I just listened, while Nitin got up to welcome the sun off our boat's
deck. A few hours later, we gobbled down a breakfast of porridge and
pancakes, omelets and toast, fresh mango and more qahwa. We jumped
into the car by 8:15 am (any later and we'd be tailing the Army
convoy) to make the two-hour journey to Sonamarg, a meadow of gold in
the Sindh Valley.
We arrived early enough for our pick of ponies and sober-looking
handlers. I likened the steep climb toward Thajiwas glacier, over
rushing streams and paths of jagged stone on horseback, to being on a
motorcycle through the mountains of Phuket, Thailand. Scary,
thrilling, experiential—and really the only way to travel.
Sonamarg, I knew as I looked down and around and up, would forever
rank one of my most favorite places on earth.
At the glacier, we sled down a hill and threw snowballs, my brother
and me not having had such a fight in at least a decade. We passed
some of the most breathtaking views of valleys, trees, meadows and
snow peaks I have experienced in India, let alone the world.
"Switzerland," our guide Lassa said.
No need for comparison, I thought silently, it's beautiful enough on
its own.

Saddling up for the ride to the glacier.

The Sonamarg landscape is purdy sweet.

The pass in the background will get you to Ladakh eventually.

Naya and Mitra take a wet shortcut coming back down from Sonamarg.

On Wednesday, we attempted to take in as much of Srinagar as possible.
We stopped at two Mughal gardens and drove through the old city. I
talked to Lassa a bit more about Kashmir, its history and future. He
had plenty of information and factoids on the former, no answers on
the latter.

Naya and Mitra in one of Srinagar's many Mughal gardens.

Flowers up against the wall.

A friendly Kashmiri gardener.

After a lunch of endless barbecue chicken skewers, we headed for
Gulmarg. Its beauty was different from the greener landscape of
Sonamarg. Emporer Jehangir's favourite haunt felt woodsier,
sportier—more popular among city dwellers. For that reason, I grew
We were put up at the Hotel Hilltop, which can best be described as in
transition. As we ate a mediocre lunch and heard Hinglish from nearby
tables, we decided to skip traditional Gulmarg. No golf or gondolas
for us.
Escape, again, came on a horse. Since dusk was falling, most tourists
were emerging from the mountains, not heading into them. And so we
found serenity over running brooks, across a grassy patch known as
Strawberry Valley, and once again sledding down snow banks. We crossed
from one hill to another via a snow bridge, my New Balance sneakers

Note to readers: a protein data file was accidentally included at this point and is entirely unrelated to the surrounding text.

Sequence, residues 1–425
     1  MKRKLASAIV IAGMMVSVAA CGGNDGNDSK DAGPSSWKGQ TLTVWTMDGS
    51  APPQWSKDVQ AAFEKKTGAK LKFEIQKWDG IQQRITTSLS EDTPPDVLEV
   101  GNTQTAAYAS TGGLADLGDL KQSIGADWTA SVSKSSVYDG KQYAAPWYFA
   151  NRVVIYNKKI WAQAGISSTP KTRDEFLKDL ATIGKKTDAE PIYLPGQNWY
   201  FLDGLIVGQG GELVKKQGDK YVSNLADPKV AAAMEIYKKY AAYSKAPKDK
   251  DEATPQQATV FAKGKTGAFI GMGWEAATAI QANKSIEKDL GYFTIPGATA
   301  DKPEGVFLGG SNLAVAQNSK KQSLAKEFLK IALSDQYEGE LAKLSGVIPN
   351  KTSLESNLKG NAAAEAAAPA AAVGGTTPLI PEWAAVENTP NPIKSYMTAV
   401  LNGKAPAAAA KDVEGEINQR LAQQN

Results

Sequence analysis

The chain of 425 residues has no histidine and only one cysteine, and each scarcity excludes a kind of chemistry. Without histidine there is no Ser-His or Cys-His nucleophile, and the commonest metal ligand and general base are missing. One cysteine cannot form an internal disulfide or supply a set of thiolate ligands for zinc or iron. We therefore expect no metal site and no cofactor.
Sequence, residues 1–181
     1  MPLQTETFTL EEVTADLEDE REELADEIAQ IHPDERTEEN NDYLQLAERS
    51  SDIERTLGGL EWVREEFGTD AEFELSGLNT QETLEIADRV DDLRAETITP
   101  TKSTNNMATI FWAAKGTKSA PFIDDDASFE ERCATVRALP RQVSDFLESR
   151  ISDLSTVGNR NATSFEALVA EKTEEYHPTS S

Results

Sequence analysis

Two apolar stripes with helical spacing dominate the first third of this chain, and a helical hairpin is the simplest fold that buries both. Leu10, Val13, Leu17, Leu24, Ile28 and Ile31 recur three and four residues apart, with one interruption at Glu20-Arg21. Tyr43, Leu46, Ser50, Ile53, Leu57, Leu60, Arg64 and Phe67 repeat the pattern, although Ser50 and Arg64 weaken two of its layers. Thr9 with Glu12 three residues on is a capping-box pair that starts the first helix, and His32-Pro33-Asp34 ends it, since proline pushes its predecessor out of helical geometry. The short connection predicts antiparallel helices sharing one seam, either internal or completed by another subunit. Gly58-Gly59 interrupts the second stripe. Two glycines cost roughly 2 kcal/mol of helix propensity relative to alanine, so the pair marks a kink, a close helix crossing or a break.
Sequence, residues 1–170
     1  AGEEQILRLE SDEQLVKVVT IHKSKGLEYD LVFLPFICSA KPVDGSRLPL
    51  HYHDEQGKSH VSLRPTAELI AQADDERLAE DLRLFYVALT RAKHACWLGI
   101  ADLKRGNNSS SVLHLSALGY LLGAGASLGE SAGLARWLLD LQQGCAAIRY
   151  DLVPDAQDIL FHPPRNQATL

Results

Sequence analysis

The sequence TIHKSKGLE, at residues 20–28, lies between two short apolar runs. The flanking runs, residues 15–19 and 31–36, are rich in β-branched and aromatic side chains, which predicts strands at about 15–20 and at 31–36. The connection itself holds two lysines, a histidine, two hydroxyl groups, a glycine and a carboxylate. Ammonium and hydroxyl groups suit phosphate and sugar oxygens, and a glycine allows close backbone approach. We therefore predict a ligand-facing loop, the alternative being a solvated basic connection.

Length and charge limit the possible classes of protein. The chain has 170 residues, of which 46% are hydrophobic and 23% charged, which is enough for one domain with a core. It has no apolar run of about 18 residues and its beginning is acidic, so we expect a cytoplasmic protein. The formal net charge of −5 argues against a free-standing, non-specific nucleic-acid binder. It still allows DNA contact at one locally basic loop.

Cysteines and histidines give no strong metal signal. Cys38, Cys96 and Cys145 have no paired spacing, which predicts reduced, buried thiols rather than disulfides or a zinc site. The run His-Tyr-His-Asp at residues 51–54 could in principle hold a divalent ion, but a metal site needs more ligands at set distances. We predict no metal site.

not living up to their name as I slid all the way.

A detail of the Maharaja's palace in Gulmarg.

The next day, we toured the Maharaja's Palace and BabaReshi, a mosque
and shrine to a Muslim saint. Our fear of tourists landed us in
Drung, a just-opened quiet village in the valley where we hiked up
to ancient temple ruins. This was where the sheep and Army had their
On our last night, after purchasing shawls and saris, I stopped at the public call office to phone home when I saw a hotel worker slumped and sobbing. He heaved, punched, paced. "His baby has just died," another man whispered. "She was just 2 ½." Led away by the hotel manager, the grieving father apparently hailed from an area with a 7pm curfew. He wouldn't be able to join his wife until sunrise. "That makes it so much worse," said the man narrating to me. I nodded my head and wiped my eyes. To me, Kashmir really didn't offer escape as much as perspective, not rest as much as reflection. Amid a land and people so conflicted, I was grateful for the sweeping generosity of its beauty to momentarily take us away, offer reverie. The hills, the snow, the streams, the valley, the humanity and humility did feel like paradise—if only fora little while.

Outside Jamia Masjid in Srinagar. On the hill is the Hari Parbat Fort, built in 1808 when Kashmir was under Afghan rule, It was closed after separatists launched an insurgency against New Delhi in 1989. Authorities had feared the strategically located building overlooking Srinagar could be misused by the rebels.

An archway in the marketplace of Jamia Masjid in Srinagar.

An example of the architecture in the old section of Srinagar. Like many things here, this beautiful dwelling is poised with a tension teetering on the edge of collapse.